Medicine Wheel Teachings
The Native American medicine wheel is familiar to most people. Few, however, know the spiritual meaning of each direction, or that those energies can be called on for help. Laine Cunningham tells people how to align themselves at the medicine wheel’s center.
“When we stand at the center of the medicine wheel, we are balanced in our lives,” she says. “From the center, we can easily turn toward any direction to call on that energy for help.”
The teachings begin with an overview of the medicine wheel’s quadrants.
A different spirit lives in each of the directions, and each spirit offers a different gift. The south sends everything of beauty: the warm winds of spring, flowers and birds, and ease of living. People who stand in the south are open to receiving all the prosperity and abundance of this earth.
The west is very different. The sun passes through there to rest on an island every night. The Thunderbeings also send the purifying rains from this direction. Whenever someone is involved in prayer and a storm comes up, they know their prayers have been heard.
From the north people receive wisdom. Individuals who face this direction often are facing struggles. Once the struggle has resolved, they become teachers and can help others along their own journeys. Although the lessons of the north can be difficult, they are gifts in their own right.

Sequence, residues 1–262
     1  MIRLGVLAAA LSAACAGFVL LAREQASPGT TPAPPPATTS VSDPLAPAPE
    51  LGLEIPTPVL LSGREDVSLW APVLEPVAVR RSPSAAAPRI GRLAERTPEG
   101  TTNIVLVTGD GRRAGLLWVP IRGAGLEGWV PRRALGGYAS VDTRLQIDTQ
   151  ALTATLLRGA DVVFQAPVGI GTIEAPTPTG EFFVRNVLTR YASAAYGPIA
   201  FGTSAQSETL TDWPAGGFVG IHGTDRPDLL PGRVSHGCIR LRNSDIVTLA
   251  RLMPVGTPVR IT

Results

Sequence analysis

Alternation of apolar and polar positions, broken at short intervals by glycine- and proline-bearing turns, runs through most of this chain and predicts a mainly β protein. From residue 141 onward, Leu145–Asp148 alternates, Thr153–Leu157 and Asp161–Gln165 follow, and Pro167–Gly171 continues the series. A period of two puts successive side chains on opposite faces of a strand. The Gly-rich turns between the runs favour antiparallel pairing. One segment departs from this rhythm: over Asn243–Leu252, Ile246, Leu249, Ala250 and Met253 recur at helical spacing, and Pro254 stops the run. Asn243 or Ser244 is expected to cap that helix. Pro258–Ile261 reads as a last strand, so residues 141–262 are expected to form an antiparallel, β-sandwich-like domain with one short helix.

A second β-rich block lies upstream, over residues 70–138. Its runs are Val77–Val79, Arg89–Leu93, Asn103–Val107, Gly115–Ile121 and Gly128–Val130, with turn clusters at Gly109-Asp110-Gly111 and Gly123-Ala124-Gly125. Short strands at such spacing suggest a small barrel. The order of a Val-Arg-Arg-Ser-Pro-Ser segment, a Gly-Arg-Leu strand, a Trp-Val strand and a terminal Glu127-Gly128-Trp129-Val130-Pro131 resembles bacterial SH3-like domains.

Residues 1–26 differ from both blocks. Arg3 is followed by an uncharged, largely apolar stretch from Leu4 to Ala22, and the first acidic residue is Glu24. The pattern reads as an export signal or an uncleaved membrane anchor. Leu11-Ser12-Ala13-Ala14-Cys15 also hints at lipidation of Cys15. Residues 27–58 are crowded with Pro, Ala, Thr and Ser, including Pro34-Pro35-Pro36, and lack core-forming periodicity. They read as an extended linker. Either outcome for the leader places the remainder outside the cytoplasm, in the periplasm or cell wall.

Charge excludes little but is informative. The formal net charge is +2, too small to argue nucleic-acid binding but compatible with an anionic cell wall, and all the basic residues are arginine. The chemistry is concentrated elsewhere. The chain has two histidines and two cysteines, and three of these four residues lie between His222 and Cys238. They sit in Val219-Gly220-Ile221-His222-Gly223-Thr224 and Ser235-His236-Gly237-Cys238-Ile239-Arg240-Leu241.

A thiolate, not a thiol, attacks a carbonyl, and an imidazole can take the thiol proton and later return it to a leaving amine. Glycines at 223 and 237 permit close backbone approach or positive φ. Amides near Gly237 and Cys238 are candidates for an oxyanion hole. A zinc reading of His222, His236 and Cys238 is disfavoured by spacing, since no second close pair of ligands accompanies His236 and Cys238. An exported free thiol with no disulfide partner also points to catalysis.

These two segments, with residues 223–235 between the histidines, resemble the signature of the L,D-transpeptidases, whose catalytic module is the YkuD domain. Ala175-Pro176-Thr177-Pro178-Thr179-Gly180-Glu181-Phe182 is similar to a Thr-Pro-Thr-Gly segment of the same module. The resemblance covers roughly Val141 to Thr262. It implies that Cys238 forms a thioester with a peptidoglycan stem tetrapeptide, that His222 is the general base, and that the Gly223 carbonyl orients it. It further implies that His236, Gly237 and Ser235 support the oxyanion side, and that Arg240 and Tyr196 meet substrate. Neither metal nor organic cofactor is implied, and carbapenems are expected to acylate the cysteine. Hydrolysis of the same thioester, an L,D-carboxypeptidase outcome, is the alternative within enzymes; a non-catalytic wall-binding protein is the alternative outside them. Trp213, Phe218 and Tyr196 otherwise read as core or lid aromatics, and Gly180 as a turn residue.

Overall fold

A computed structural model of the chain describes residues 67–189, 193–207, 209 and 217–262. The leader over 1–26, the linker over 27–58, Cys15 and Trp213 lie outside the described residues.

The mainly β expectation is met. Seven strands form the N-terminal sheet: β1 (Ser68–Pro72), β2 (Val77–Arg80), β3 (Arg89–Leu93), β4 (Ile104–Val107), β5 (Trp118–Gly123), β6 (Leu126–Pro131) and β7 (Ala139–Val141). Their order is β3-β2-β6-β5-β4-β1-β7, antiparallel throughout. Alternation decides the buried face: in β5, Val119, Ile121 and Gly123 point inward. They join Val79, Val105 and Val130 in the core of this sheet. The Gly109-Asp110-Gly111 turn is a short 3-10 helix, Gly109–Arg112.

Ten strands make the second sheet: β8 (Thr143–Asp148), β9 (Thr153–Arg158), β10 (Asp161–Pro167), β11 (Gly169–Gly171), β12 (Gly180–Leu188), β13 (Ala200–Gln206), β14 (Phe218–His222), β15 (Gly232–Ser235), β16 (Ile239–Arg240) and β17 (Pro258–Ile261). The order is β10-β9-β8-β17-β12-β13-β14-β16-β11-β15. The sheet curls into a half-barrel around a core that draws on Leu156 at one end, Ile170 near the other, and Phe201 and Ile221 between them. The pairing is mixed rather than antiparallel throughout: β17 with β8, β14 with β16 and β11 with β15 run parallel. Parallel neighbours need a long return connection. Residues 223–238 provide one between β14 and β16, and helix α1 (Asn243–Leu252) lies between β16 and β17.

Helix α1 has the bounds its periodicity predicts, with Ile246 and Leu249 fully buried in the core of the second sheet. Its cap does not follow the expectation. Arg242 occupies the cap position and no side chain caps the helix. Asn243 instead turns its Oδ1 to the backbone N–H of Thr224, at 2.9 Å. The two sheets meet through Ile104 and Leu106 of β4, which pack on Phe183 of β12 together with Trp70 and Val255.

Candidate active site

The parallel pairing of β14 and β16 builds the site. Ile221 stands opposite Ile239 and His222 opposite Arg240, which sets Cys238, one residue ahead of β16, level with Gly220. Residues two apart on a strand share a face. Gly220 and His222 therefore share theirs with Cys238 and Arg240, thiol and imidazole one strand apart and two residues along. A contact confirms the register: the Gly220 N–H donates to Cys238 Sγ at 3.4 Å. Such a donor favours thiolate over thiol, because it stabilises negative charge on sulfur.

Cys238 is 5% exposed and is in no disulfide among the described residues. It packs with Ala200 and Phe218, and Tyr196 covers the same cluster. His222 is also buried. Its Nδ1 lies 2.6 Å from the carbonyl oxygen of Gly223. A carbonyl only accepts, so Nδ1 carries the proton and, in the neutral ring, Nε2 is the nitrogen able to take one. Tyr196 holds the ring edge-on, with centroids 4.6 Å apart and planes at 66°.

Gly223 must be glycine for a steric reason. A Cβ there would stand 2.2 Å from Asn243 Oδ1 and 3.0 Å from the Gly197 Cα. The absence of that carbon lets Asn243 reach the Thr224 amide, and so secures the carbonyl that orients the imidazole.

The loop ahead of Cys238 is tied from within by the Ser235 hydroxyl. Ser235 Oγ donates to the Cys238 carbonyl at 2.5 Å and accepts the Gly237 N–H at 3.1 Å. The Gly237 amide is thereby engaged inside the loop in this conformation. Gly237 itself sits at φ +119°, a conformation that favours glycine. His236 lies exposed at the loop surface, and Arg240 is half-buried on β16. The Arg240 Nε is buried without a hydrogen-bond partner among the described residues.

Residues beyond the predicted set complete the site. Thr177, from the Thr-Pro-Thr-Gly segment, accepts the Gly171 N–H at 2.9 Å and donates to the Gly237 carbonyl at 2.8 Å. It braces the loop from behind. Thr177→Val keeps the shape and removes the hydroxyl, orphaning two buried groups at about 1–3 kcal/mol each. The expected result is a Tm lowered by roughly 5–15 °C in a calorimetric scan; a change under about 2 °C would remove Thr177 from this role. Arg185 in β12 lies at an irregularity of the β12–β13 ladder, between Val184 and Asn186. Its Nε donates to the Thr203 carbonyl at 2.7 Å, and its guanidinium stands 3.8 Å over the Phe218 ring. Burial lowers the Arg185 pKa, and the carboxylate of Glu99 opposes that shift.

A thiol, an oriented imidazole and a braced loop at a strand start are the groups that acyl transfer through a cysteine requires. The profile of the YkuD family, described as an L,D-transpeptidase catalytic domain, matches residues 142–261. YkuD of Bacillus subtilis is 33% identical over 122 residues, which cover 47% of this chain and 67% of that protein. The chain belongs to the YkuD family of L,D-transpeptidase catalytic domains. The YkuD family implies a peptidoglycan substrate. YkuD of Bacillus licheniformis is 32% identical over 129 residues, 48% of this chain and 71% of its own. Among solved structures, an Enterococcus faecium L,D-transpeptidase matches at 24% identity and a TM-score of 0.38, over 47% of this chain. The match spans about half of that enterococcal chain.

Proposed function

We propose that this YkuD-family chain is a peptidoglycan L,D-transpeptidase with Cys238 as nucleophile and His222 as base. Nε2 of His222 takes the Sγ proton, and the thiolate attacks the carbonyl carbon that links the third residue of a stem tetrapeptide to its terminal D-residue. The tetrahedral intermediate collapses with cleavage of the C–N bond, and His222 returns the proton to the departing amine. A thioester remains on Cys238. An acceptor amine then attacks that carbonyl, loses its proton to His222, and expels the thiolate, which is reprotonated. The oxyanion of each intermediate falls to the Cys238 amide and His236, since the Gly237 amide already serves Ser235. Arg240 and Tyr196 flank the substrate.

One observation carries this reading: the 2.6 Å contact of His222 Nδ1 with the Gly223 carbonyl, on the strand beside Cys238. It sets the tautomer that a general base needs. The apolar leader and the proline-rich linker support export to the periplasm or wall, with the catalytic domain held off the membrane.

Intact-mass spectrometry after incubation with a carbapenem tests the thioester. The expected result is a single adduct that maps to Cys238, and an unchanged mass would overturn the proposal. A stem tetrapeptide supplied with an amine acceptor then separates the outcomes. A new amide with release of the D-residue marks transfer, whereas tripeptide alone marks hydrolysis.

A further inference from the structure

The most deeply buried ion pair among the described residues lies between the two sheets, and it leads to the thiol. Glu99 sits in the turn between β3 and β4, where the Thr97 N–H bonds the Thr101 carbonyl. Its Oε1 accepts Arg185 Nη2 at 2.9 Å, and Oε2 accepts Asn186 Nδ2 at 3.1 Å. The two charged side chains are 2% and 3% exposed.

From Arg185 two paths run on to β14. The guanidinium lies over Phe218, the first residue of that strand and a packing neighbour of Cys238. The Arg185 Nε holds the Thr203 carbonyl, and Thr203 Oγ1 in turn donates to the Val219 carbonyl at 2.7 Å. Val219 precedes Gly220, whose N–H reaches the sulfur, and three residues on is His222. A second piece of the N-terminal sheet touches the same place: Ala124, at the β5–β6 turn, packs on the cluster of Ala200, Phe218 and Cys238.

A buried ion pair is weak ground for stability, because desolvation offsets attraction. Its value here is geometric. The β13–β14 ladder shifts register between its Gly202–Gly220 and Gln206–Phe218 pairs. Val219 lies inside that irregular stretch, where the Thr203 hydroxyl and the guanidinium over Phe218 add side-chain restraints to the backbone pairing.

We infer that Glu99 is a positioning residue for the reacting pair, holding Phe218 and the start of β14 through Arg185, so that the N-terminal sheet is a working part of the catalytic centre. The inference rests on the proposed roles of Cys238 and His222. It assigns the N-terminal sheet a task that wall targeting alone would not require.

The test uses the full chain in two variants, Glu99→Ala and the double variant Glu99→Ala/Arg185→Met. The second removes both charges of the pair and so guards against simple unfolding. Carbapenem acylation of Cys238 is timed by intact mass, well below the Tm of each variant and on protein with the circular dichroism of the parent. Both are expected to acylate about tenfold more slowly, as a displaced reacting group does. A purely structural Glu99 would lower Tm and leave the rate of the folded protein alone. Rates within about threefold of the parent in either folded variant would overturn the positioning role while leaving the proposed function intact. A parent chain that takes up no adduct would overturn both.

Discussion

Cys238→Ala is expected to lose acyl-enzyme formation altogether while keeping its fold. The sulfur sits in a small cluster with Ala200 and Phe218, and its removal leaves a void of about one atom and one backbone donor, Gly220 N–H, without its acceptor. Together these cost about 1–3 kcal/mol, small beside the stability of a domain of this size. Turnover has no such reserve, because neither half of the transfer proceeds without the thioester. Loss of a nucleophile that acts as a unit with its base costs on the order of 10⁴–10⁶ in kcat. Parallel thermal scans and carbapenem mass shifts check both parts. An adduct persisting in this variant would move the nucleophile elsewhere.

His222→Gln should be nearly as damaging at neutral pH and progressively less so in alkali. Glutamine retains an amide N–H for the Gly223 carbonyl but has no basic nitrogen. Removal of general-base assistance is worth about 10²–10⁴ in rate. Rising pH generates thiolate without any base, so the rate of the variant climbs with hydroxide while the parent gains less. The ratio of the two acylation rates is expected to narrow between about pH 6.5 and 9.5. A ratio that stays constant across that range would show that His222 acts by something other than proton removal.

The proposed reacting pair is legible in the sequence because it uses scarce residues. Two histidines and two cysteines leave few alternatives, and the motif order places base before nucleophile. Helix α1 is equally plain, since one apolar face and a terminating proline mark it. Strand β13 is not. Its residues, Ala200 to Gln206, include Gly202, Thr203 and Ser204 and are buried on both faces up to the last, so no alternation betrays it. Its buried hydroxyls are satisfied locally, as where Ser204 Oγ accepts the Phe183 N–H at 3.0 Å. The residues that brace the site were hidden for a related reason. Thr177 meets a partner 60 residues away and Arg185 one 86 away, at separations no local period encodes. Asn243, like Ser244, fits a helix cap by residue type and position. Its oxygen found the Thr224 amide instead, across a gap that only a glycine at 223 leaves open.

The east sends healing from the sun’s warmth and power. It is also the place where the morning star first appears. The Morning Water Woman has special gifts for those on the spiritual path. No matter what an individual’s life looks like or what goals they hold, standing in the east is always a deeply moving experience.
The final directions are not pictured on two-dimensional representations. Still, they are understood to be part of every medicine wheel. The final three are above, below and the center. Below is Maka, Mother Earth, and above lives Wakan Tanka, the creator.
“Individuals move to the center of their own medicine wheels to find their true selves,” Cunningham says.
In early 1999, Cunningham moved to the Minnesota prairie. There she learned about traditional and modern native lifestyles while participating in powwows, sweat lodges and ceremonies. An elder on the Fond du Lac reservation even taught her how to make birch bark baskets with materials they harvested from the surrounding woods.
After moving to North Carolina, Cunningham connected with individuals from Cherokee, Lumbee and Saponi tribes. In the process, she discovered her family’s link to Cherokee. She now returns there twice a year to commune with the land in and around the Qualla boundary.
Over the last ten years, she has conducted weekend and half-day seminars on courage and spirituality for organizations including a multicultural women’s foundation on White Earth reservation. She has written about Native American lifestyles for American Profile, a national magazine, and brings an understanding of traditional and modern lifeways to her novels.